Adidas’ response to the issue of social media governance in the workplace is
outstanding. On their specific website, they show the policy in it’s entirety
(), which makes the employees in no doubt at all how they should act. The
policy is also entirely reasonable without being too restrictive upon the
employees’ speech.

By contrast,
CNN handled this contemporary issue poorly. The managers of the company had not
made the rules of the company well known at all and only released them when
prompted by an ex-employee whose employment was terminated because of
violations of a rule which he was not aware of. As a result of poor management
of this issue negative press was created by other news networks, damaging the
company’s reputation, which is critically important for a news organisation, as
they rely on members of the public trusting the source of the organisation in
question.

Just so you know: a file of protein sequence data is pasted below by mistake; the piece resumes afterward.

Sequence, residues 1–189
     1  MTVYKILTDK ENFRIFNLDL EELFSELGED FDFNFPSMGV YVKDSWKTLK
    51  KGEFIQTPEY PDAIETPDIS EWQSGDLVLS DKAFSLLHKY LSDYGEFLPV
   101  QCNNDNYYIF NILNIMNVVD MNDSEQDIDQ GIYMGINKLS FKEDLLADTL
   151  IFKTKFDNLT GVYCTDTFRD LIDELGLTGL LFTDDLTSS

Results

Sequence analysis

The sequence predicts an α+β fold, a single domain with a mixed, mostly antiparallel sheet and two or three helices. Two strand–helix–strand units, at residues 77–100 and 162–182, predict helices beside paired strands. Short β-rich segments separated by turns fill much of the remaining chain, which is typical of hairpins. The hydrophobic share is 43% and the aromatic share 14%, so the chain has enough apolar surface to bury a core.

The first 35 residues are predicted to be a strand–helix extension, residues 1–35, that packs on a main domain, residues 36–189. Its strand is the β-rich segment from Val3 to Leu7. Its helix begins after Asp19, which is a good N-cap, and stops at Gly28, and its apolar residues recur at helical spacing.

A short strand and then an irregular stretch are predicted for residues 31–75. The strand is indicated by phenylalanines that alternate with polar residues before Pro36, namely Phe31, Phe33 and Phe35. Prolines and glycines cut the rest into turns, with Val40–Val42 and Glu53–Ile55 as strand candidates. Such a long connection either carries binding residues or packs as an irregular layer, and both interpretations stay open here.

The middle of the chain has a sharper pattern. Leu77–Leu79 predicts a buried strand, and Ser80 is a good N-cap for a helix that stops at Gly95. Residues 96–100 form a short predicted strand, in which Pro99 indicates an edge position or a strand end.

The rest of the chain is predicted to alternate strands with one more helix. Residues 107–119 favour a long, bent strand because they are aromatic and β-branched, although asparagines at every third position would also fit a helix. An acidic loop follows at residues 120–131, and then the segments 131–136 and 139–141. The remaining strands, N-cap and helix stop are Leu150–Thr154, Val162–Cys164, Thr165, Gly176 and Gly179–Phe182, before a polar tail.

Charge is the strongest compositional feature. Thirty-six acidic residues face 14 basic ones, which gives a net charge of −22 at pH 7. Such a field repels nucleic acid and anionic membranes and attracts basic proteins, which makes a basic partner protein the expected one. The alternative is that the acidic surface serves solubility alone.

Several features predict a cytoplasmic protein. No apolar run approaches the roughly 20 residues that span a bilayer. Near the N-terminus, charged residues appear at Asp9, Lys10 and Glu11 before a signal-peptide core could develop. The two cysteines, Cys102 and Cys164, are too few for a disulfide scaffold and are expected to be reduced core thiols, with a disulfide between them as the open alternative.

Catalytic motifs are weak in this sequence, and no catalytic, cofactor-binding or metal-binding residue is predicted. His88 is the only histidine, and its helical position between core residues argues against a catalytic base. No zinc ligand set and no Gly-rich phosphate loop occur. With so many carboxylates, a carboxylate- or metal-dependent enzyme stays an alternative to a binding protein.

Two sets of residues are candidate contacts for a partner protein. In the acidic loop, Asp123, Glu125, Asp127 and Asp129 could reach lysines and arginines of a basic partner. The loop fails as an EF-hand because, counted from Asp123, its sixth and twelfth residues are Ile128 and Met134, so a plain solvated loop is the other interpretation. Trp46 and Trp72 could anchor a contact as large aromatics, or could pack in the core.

After analysing
the two, it is evident that Adidas sets out a fantastic example of how
management should deal with corporate governance of employees’ social media.
Unfortunately, CNNs response to the same management issue damaged the
reputation through the leaked email they sent to the employee after they had
been fired and by not making the employees of the news network aware of the
standards and guidelines (). Upon reflection, the manager of CNN should have
reemployed the worker who was fired and made the standards and guidelines for
social media posts available to all employees through publication of the rules
onto the internet.

Reflection

A year ago, I
worked for as an office administrator for a local cleaning company, APM
cleaning and during my time working there one of the other members of staff,
working as a cleaner was removed from their position for posting inappropriate